[EN translation] We have been training the Libyan coast guard for several months already. [EUNAVFOR Med] Operation Sophia has been engaged in this task – in addition to its original mandate – since right after last summer. I think we have completed the second training module. It has been with hundreds of people, carefully selected – for obvious reasons – not only by Libyan but also by European authorities. The training is going really well. We Italians know well that in the past the training of coast guards or security personnel had encountered some logistic or motivational, so to speak, difficulties, difficulties related to the sustainability of the projects. In this case, I can say that the training is going really well and is already bringing to an expansion of the originally foreseen phase. So it is not a completely new element brought by this package. The news is the proposal to intensify this work, including with more resources, and this responds to needs signalled by the Libyan authorities last year – the reason for which we had started this additional training. Why? First, because, as I have just said, we see that human lives are lost closer each time to the Libyan coast. [EUNAVFOR Med] Operation Sophia does not go into Libyan waters; our mandate is limited to international waters. That is where we operate and where we are efficient – in stopping smugglers, neutralising smuggling boats, and saving lives. Within Libyan territorial waters, it is the Libyans' task to do so. And they are rightly telling us: ''we need to be in a condition to do that''. That is what the training is for – in order to avoid that that very high number of people who are still dying at sea, within Libyan territorial waters, can be saved by Libyan authorities, and so that there can be anti-smuggling activities by the Libyan authorities. There is also another very important aspect which does not directly concern migration – or rather, it is only linked to it: the fact that for the Libyans it is very important to have an operational coast guard to guarantee security in Libyan territorial waters; migration is a fundamental issue when we speak about Libya but it is not the only one, security is also an aspect. And it is also an economic aspect, because as soon as the Libyan coast guard will be able to guarantee security within territorial waters, fishing activities in those areas will also be able to go back to full pace. This will also offer economic activities to those local communities that are currently sometimes using boats more for human smuggling than for fishing. It is a situation different from that of any other country in the past or present, so I would not even make comparisons with Tunisia. The need we see to support even further – because we are already supporting both IOM [International Organisation for Migration] and UNHCR [UN High Commissioner for Refugees] , also in Libya – is due to the fact that we see the difficulty of managing – with the adequate international human rights standards – migrants in Libya and offering these migrants the opportunity of avoiding criminal networks including through voluntary return mechanisms or resettlement to Europe in the case of people in need of international protection, in accordance with international law rules and standards.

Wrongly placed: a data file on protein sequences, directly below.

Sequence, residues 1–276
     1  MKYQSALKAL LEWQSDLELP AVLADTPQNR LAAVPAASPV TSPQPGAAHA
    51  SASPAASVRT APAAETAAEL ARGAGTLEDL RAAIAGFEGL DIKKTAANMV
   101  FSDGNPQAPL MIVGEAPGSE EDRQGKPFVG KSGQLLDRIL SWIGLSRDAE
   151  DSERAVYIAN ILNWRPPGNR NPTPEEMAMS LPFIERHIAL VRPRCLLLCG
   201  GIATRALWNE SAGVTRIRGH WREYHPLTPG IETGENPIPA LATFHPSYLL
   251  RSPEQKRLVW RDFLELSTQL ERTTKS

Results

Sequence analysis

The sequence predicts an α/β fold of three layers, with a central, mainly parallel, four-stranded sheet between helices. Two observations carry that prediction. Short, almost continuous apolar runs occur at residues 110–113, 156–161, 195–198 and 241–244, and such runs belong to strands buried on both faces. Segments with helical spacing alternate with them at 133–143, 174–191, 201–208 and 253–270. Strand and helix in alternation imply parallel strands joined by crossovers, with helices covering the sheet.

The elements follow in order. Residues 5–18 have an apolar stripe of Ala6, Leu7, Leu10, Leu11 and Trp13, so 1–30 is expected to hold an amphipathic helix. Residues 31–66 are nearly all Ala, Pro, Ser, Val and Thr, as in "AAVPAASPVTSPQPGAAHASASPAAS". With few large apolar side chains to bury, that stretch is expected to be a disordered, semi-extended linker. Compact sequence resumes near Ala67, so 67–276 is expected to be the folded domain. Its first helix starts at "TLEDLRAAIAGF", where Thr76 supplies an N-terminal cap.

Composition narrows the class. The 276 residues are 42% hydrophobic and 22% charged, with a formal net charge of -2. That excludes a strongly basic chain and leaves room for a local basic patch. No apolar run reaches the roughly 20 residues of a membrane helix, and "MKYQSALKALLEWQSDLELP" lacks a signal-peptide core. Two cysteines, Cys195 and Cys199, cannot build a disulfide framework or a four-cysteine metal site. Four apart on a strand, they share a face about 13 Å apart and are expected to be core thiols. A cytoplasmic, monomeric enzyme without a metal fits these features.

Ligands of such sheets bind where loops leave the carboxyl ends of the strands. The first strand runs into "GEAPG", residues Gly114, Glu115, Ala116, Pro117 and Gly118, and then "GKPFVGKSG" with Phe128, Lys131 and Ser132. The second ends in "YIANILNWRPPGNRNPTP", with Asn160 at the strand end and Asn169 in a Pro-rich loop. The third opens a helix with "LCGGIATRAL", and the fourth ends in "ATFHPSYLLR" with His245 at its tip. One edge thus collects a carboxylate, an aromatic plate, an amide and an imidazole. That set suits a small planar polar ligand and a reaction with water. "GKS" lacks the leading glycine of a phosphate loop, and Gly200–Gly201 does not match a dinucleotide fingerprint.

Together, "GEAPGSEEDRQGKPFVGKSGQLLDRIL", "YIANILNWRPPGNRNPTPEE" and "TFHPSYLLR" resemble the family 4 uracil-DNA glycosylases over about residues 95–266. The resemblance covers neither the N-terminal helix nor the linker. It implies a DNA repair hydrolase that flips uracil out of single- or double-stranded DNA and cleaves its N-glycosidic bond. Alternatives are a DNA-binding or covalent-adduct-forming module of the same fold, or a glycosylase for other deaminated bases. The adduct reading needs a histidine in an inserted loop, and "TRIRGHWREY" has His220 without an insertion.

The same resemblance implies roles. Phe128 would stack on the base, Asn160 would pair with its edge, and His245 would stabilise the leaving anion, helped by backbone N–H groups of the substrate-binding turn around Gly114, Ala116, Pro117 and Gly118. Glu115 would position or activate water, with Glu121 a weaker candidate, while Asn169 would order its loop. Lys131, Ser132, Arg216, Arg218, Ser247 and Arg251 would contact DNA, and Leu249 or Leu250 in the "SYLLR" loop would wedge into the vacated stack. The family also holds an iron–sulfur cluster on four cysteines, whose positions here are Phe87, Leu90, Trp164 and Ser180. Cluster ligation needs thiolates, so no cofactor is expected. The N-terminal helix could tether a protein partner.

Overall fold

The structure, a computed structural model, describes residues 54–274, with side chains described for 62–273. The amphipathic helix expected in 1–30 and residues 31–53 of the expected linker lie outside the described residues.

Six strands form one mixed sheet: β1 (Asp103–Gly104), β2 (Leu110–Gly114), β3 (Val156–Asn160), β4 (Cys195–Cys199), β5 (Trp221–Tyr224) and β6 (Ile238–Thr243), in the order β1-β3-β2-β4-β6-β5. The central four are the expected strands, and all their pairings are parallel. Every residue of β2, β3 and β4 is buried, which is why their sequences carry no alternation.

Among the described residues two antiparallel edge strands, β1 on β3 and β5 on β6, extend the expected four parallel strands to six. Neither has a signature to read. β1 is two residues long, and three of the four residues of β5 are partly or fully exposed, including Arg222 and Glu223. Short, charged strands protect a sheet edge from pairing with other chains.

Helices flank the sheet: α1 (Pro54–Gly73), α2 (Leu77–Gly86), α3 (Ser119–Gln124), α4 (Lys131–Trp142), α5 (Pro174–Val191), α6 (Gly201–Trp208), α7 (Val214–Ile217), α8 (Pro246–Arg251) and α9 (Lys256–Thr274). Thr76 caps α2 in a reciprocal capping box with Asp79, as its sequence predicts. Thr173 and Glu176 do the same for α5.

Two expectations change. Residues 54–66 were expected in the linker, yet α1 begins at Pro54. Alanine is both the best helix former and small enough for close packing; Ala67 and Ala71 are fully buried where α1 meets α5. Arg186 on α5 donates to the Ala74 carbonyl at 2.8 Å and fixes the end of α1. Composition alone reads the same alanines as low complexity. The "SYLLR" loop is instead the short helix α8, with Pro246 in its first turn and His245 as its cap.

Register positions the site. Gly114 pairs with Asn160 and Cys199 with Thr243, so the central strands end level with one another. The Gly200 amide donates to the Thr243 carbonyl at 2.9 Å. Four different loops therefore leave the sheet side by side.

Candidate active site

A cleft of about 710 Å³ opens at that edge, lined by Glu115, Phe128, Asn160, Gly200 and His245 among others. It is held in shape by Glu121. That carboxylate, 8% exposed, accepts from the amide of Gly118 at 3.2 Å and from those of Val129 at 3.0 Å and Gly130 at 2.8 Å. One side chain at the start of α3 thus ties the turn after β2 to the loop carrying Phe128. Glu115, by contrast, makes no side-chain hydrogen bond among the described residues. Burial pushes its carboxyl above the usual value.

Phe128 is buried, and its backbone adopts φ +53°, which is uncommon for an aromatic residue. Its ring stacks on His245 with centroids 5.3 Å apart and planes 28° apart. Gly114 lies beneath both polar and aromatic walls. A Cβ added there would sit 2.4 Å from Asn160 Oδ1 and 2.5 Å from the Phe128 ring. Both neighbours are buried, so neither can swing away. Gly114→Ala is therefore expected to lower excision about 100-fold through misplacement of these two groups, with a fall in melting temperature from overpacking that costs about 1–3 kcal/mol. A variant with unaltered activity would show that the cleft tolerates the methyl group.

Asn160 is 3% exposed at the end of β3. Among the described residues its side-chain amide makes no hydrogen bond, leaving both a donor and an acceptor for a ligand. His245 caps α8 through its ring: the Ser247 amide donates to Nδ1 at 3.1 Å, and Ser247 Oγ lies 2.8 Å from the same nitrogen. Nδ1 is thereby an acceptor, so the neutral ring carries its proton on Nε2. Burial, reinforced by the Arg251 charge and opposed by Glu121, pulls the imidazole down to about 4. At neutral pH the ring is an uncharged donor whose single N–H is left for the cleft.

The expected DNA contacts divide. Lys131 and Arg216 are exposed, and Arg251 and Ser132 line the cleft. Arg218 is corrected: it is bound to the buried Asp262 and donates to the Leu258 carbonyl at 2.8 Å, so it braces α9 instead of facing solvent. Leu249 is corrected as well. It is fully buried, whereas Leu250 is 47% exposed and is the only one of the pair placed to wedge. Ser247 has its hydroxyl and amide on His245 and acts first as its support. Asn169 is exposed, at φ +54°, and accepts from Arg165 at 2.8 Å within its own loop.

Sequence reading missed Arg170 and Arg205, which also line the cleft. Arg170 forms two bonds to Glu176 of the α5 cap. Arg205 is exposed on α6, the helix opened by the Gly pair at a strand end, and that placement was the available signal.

Q Quick question if I may to High Representative on the Kosovo-Serbia High Level Dialogue that you facilitated yesterday evening. How do you see the follow-up of this meeting? Do you have already some concrete plans for follow-up on that? And since you have issued an additional statement this morning regretting that not everybody respected the spirit of the agreement to refrain from comments and leave the tensions behind, why was such a statement necessary and to whom and to what were you actually referring?
I thank you for the question because, as always, the Dialogue finished yesterday very late. So I think it is a good opportunity to share first-hand the results of that meeting. First of all, I would like to say that it was a meeting that I convened because the tensions were going high – clearly and worryingly high in the last weeks – and it was a positive, even if not the easiest of the meetings, but a positive and constructive meeting, where I have clearly seen the commitment, the determination, the leadership of all the four participants. And the recommitment, strong recommitment to engage in the Dialogue at the highest political level to solve a series of issues that we have on the table – be it the implementation of previous agreements or outstanding issues that the parties have, and on which the European Union as a facilitator is providing some space for solutions that will be discussed in the coming days. So when you ask about the plans for the future: it is to reconvene a session of the Dialogue in the coming weeks – we are checking the dates, so I cannot make any announcements as of today, as calendars of different sides might be busy. But we are thinking of reconvening a Dialogue in very short time and in the meantime having our teams working on concrete options for moving forward on some of the issues that are outstanding on the table and that we know very well, because we have worked in this for a long time. My Spokesperson released, I think this morning, an additional comment, because yesterday among the things we agreed is to focus on the Dialogue in terms of procedures, but also in sense of spirit. I saw yesterday respect and a constructive approach around the table. And obviously the more we comment, the more they comment on each other, the less this constructive sense of engaging in the Dialogue becomes sustainable for all parties. So I hope that in the coming hours and days, we can make sure that everybody comments a bit less on each other and we engage more and concretely on solving the problems that are still on the table. I would like to add that one important element and one important outcome of the meeting yesterday night was that the clear European perspective of both, Belgrade and Pristina, was a key element in our conversations. And the regional dimension of this cooperation is key and is recognised as key by all actors of the Dialogue and by the European Union that is and will continue to be a key supporter of, first of all, the regional integration and of the European perspective of the Western Balkans. This is the cornerstone of our engagement and the Dialogue is an essential element for that.
Q I have two questions to the High-Representative / Vice-President. As you have said, the root causes of the long-term solutions for the migrants is focusing on Libya's stability and also the economic development in Africa. But is not the political problem in Sub-Saharan Africa missed here because those things are the root causes. We know many countries in Africa, for example Eritrea is without constitution, Ethiopia is under state of emergency. I do not see here the political aspect that the EU is trying to do; I would like to know more on this. The second question is: can you comment on the situation in Ethiopia which is a partner of the EU but which arrested its main opposition leader and charged him with terrorism.
You are perfectly right, it is an essential element, not only among the root causes of migration but also of our daily work with our African partners. The political situation in many of the countries, in some cases the security situation in many of the countries. I travelled myself to Africa many times in the last two years exactly to tackle these issues and I was just yesterday night, after the Dialogue, on the phone with President Macky Sall of Senegal, tackling the issue of Gambia, where we are trying to support in the most effective manner, also with Commissioner [for International Cooperation and Development Neven] Mimica, who is going to Addis Ababa in the coming days. So our engagement with Africa as a whole, Sub-Saharan Africa in particular, also through our work with the African Union and with the sub-regional organisations like ECOWAS, is constant and is aimed at creating political systems and open societies that allow every single citizen to find its place and to feel ownership of its own country. By the way, I would like to take this opportunity to wish a successful outcome to the African Union Summit in the coming weekend to make a wise choice on the new Commission and President of the Commission of the African Union. So we work also there in a sense of partnership and our common European engagement towards Africa will even culminate this year in an EU-Africa Summit that we will have in November, where not only the migratory issues but also the economic and the political developments are going to be key.